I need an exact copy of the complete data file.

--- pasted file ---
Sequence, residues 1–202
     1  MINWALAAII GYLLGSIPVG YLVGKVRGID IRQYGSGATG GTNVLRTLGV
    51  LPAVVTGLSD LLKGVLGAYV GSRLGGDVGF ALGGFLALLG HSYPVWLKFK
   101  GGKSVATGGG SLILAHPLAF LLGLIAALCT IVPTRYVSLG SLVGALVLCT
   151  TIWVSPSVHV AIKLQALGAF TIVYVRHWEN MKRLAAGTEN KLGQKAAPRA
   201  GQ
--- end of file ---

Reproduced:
Sequence, residues 1–202
     1  MINWALAAII GYLLGSIPVG YLVGKVRGID IRQYGSGATG GTNVLRTLGV
    51  LPAVVTGLSD LLKGVLGAYV GSRLGGDVGF ALGGFLALLG HSYPVWLKFK
   101  GGKSVATGGG SLILAHPLAF LLGLIAALCT IVPTRYVSLG SLVGALVLCT
   151  TIWVSPSVHV AIKLQALGAF TIVYVRHWEN MKRLAAGTEN KLGQKAAPRA
   201  GQ